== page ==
Poi Pounding Lesson

Written by Pohai Kukea
(Done with Kindergarten students)


  • Students will be able to identify the part of the kalo plant that is used to make poi.
  • Students will be able to summarize the steps taken to make poi.
  • Students will be able to appreciate the amount of effort it takes to make poi the way ancient Hawaiians did.
  • Students will be able to perform the chant, "Huli i ke kalo" and the motions that go with it.


1. Students use the tools and methodology of social scientists to explain and interpret ideas and events.

  • Examine artifacts of cultures to make informed decisions and/or judgments based on evidence found.

2. Students understand culture as a system of beliefs, knowledge and practices shared by a group.

  • Explain how different cultures, beliefs and practices are expressed in language, stories, music, art and celebrations.


Teaching Procedures and Activities

1. Focusing event - wrap the poi pounder with cloth or put it in a bag. Have the students guess what is in the bag. Give the students hints and the opportunity to ask questions and keep guessing until they figure it out. Introduce the Hawaiian term for a poi pounder and why it has that name.

2. Ask the students to remind about the parts of the kalo plant, using different intellegences. Have them identify the different parts of the plant, while I point to them. Then have them make their bodies in the shape of the different parts of the plant and name them.

3. Start demonstrating how to prepare and pound kalo - Peel with the opihi shell, explain about having to cook it, show how you add water and pound at the same time. Some questions to spur discussion:

  • What happens if you don't cook the kalo?
  • How do you think we would cook it today?
  • How do you think the ancient Hawaiians cooked it?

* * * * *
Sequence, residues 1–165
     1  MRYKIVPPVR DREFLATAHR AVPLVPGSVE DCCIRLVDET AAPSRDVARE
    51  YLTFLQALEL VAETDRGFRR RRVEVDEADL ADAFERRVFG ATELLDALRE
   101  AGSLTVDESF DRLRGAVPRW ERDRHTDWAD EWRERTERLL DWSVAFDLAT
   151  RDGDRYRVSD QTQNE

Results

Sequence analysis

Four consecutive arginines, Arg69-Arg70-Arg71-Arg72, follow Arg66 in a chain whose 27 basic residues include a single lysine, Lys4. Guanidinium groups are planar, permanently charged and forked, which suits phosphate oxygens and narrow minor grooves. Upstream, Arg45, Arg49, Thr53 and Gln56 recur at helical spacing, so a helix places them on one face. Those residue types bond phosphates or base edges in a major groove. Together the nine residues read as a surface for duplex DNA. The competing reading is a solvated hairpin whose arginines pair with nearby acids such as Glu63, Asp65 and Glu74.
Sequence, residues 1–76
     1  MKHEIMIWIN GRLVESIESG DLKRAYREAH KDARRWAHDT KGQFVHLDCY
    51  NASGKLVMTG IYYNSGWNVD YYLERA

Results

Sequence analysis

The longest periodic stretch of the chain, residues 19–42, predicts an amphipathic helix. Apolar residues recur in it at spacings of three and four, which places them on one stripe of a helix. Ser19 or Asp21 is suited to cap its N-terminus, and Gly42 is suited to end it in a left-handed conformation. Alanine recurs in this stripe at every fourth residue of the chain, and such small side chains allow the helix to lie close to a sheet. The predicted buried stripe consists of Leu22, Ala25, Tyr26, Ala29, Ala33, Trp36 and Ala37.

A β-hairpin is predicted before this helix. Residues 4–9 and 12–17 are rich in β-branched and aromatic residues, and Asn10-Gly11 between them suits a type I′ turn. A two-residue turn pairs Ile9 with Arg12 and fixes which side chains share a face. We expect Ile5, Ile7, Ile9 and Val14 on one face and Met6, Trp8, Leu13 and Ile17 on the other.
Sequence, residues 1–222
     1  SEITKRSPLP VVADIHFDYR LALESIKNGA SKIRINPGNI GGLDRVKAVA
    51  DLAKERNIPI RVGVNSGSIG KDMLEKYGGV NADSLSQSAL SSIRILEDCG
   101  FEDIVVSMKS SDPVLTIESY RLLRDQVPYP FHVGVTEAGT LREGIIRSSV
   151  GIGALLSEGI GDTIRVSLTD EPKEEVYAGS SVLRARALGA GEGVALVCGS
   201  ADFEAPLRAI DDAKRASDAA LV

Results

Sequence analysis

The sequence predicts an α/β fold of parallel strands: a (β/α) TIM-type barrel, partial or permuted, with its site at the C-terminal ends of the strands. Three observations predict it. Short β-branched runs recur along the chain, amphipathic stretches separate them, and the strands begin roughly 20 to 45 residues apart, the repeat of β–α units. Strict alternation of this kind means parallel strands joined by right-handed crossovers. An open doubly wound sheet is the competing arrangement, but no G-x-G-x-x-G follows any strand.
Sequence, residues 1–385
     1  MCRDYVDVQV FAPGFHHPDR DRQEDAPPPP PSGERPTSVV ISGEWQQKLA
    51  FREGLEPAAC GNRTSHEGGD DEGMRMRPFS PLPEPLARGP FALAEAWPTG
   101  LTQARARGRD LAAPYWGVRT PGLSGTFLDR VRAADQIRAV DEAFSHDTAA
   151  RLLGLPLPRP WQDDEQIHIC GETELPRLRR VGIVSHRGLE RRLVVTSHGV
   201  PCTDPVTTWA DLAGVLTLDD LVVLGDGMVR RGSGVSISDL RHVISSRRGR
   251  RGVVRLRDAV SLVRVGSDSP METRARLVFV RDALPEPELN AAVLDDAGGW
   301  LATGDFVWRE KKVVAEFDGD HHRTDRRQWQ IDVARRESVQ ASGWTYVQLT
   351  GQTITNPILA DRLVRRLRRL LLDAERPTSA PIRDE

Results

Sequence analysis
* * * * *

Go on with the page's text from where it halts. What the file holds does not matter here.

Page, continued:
• How would I pound it? Do I just punch it up and down with the pounder? What would happen to the kalo?
  • Show me with your fist how you would pound the kalo.
  • Why do you think I add water to the kalo?
  • What does it look like (describe it)?
  • How do you think people make poi now? Is it the same as the ancient Hawaiians did? Which do you think is easier? Why?

4. While I am demonstrating, teach the students the different verses of the "Huki i ke kalo" and have them chant it while I demonstrate.

5. After I demonstrate, the students will break out into three centers. The first center is a tasting center where they will have the opportunity to taste the different things that are made with the kalo plant (laulau, kulolo, poi). The second center will be for the students to try to pound poi, giving them a hands-on experience. The third center will be for the students to write in their journals about the experiences. Students will also be given the opportunity to go back and write in their journals after they have rotated through the different centers.

6. Review the chant again after the activity. Have a class discussion about what we learned.

Talking to students about what they already know about kalo.
Demonstrating how to pound kalo.
Students making their own pa'i 'ai
Student journal entry ("We was pounding kalo")
Another example of student work.


  • Student identification of the parts of the kalo plant, using the actual plant.
  • Student journal writing about how to make poi.
  • Discussion with students about how poi is made today, as opposed to how it was made by ancient Hawaiians.
  • Student performance of chant

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